By Andreas Armborst
One element within US counter-terrorism strategies is “reducing terrorist group cohesion”, as the think tank RAND recommends in one of its reports. The Combating Terrorism Center at West Point (CTC) puts these recommendations into actions. Reports like ”Cracks in the Foundation” or ”Dysfunction and Decline” vividly depict the internal disagreement and disunity between al-Qaeda central (AQ) and its regional affiliates, most of all AQ in Iraq (AQI). Albeit these reports are drafted by pundits and certainly provide meaningful and often rare insights into the inner life of the global jihadi movement, they also serve another purpose: to deliberately amplify the very same trend they describe: disunity.
From the very beginning AQ central was on uneasy terms with AQI. Abu Mussab az-Zarqawi mainly followed his own agenda in Iraq and disregarded several instructions. AQ’s central command even stomached the group’s name change from AQI (in between they called themselves Mujahideen Shura Council in Iraq) into The Islamic State of Iraq (ISI) in October 2006, by giving it public support from Bin Laden and Zawahiri. Nevertheless the rifts between AQ and ISI were further deepening.
Adding fuel to the quarrels between both groups seemed to be an opportune strategy back in 2006. The CTC’s effort to create further disunity apparently also struck a nerve, as prominent AQ speakers, such as Abu Yahya al-Libi and Ayman az-Zawahiri, repeatedly felt a need to comment on reports published by the CTC (as-sahab video statement with Ayman az-Zawahiri from May, 4th 2007). Al-Libi openly admitted: “Yes, the ideological war might have an effect on some individuals and perhaps groups, and might cause some confusion and disarray in one place or another. (as-sahab video statement with AYL from Sept., 9th, 2007). It is difficult to tell whether these strategic messages had any impact other than provoking a public reaction from AQ leaders. Equally challenging, however, is the question whether trying to divide the global jihadi movement is a good idea at all.
Whatever the contribution of strategic messaging was, the wish of some counter terrorist strategists came true when Zawahiri announced publicly in April 2014 that “ISIS is not a branch of AQ and we have no organizational relationship with it.” It has intuitive appeal to think that a divided movement is in a weaker position to reach its goals than a united one, at least in the long run. But weaker does not necessarily mean that it is less dangerous. Jihadism is not atomised but is divided between two powerful poles with the central command of AQ on the one, and IS on the other side. Both compete for supporters on the ground and fan boys in social media. Within this competition, marketing arguments respond to questions such as ‘who represents the purest Salafi doctrine?’, ‘who produces the better and smarter media?’, ‘who has a legitimate leadership?’, and ‘who can proof its military capability?’.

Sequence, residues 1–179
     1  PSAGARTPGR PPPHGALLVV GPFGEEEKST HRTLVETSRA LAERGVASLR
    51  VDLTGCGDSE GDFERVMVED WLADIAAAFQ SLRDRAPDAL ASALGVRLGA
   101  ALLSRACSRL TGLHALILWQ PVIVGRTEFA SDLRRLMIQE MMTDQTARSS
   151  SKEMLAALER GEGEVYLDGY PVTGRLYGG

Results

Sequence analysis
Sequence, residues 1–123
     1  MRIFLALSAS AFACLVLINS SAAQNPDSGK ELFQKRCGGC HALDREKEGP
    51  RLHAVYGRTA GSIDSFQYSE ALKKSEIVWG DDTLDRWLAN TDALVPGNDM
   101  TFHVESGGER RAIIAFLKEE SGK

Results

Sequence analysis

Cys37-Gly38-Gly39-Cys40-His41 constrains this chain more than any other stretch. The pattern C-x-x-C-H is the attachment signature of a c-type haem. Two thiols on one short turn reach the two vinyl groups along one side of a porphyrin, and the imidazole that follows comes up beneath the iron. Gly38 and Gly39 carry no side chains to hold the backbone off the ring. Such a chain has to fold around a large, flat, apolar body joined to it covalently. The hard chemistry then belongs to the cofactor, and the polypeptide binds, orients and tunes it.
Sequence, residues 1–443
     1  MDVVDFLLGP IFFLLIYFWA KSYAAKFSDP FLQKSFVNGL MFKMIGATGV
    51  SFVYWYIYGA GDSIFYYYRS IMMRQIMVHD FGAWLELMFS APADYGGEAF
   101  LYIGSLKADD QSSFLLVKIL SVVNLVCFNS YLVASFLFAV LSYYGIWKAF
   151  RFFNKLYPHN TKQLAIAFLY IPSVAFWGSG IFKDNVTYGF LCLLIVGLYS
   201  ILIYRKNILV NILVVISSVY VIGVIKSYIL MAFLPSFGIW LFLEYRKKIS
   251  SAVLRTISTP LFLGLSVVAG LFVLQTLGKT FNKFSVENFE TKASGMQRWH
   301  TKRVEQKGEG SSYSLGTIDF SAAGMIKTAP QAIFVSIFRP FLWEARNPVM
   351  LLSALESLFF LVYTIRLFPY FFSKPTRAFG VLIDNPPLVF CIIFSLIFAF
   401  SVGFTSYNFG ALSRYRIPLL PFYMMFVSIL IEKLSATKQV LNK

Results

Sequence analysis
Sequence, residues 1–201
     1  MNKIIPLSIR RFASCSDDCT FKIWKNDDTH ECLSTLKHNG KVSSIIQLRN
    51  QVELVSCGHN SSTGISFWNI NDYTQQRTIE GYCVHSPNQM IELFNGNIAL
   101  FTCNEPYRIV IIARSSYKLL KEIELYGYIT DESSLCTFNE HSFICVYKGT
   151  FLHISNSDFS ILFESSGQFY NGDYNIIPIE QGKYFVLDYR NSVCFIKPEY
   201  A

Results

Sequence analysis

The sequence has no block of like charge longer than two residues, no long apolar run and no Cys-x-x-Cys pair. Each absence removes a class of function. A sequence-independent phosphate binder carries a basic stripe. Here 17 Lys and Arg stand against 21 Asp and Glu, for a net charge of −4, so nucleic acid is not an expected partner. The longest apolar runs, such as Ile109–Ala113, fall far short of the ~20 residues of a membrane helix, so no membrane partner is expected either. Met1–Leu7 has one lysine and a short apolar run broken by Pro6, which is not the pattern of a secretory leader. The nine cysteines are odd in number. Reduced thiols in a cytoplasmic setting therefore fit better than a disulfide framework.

If the competition between AQ and ISI is all about doctrine rather than proof of capability than the split might in fact weaken the intellectual basis of jihadism. But it is also possible that major strategic shifts come along with debates about jihadi doctrines. In order to avoid further infighting it is thinkable that AQ and IS split up their strategic responsibilities in the future.
For the sake of argument, let us take the role of a political advisor to the jihadi movement (hypothetically to be sure). Our fictional advisor would recommend that it should be in the responsibility of the IS to lead the regional conflicts in the war against the near enemy and to proceed with establishing the caliphate (state building), whereas AQ’s primary role is to organise the war against the far enemy, taking the role of the foreign ministry within the Islamic State. This includes coordinating operations abroad, gathering intelligence, and maintaining secret embassies within Salafi communities in the West.
So far none of the media groups of either AQ (as-Sahab) or IS (al-Furqan) have announced such a plan, and certainly Zawahiri would object the recommendation of our fictional consultant. But looking at the groups who have either supported or rejected the IS caliphate it seems that they indeed somewhat divide along the line of regional vs. global jihad.
Seven months after the declaration of the caliphate, the dust has settled and almost all jihadi factions in the world have taken sides either for AQ or IS. Taken together about 30 groups have at least implicitly supported the IS by at least one official statement. Because the AQ/IS divide is essentially about legitimate Islamic leadership (as the fundamentalists believe), no group can avoid this decision or remain neutral on this matter. Nevertheless it is a rather subjective decision because Abu Bakr al-Baghdadi as well as Ayman az-Zawahiri served up a plethora of proof for the legitimacy of their leadership. Consequently many jihadi groups were internally divided as their members drifted to both sides. Ansar al-Islam in Syria, for example first announced and later revoked its merger with IS. The flip-flopping was apparently the result of an internal split between the leadership and those in charge of the group’s public relations via Twitter. The same happened with other groups
Despite the great confusion on the Syrian battlefield and within Social Media, some patterns can be seen in the wider picture: Groups who traditionally had a focus on establishing a regional power basis rather than implementing global strategies have joint IS. This includes Pakistani Taliban (TTP), the Islamic Movement of Uzbekistan, Libyan insurgents such Majlis Shura shabab al-Islam, Ansar bait al-Maqdis in Egyptian Sinai and others. Even the Iraqi group Ansar as-Sunna, who refused to join AQ for the last decade, has pledged allegiance to IS and disbanded its old name that was held in high esteem by many jihadists worldwide.